geom_point(show.legend = FALSE)
library(gridExtra)
grid.arrange(g1, g2, ncol=2)
```

Train the model using logistic regression.

```
logreg <- glm(long_eruptions ~ waiting, data = train, family = binomial )
logreg
```

Predict the classes for the test data.

```
p = predict(logreg, newdata = test, type = "response")
yh = (p>.5)*1
cat('p=',p[1:8])
cat('yh=',yh[1:8])
```

Determine the accuracy of the model.

```
y = test$long_eruptions
mean(y==yh)
```

Create a confusion matrix.

```
y = test$long_eruptions
table(yh,y)
```

Do the above exercises again, but change the threshold of
`long_eruptions`

to two minutes.

### Case Study - Titanic

The ship - RMS Titanic - sank in the early morning hours of 15 April 1912 in the North Atlantic Ocean. The disaster led to significant changes in maritime regulations.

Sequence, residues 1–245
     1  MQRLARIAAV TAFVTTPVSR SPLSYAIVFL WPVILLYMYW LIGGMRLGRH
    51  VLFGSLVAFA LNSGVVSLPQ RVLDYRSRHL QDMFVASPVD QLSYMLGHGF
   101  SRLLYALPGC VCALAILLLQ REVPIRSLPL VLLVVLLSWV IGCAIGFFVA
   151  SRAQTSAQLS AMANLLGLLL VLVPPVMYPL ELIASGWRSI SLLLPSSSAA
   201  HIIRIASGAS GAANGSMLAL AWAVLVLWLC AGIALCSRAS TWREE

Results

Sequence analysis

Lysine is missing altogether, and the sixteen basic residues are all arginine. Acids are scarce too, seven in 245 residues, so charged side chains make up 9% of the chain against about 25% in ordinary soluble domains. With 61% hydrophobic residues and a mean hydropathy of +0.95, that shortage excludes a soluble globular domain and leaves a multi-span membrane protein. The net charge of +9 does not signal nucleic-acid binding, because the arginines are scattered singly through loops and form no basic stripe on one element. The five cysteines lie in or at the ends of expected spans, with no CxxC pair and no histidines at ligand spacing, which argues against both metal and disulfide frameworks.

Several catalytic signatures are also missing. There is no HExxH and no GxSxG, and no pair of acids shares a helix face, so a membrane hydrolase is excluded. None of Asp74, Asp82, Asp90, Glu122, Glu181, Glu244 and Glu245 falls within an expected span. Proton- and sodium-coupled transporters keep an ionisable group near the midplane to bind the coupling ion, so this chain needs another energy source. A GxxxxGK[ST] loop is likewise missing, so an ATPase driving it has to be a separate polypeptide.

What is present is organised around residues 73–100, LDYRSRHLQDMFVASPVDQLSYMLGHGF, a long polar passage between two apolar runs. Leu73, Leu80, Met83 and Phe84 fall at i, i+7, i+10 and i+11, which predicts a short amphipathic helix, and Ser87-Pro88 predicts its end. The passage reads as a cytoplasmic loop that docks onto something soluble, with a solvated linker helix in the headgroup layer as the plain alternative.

Develop a prediction model that checks whether a passenger would have survived based on his profile.

#### Data source

The data is obtained using the Titanic library. This is based on the
Kaggle data set. Check
the content of the `titanic`

library. Does it contain a
training and test data set?

```
# library(titanic)
ls("package:titanic")
```

Please inspect the training and test data set. Does the test data set contain passenger information?

```
#?titanic_train
?titanic_test
```

Answer: no passenger information is available, i.e. we cannot determine the test accuracy of the model. Note: the information was not provided, since it is a competition on Kaggle.

By default there is another data set about the Titanic in the R environment. However, it contains only aggregated information.

There is a Titanic website, which contains even more data about the disaster.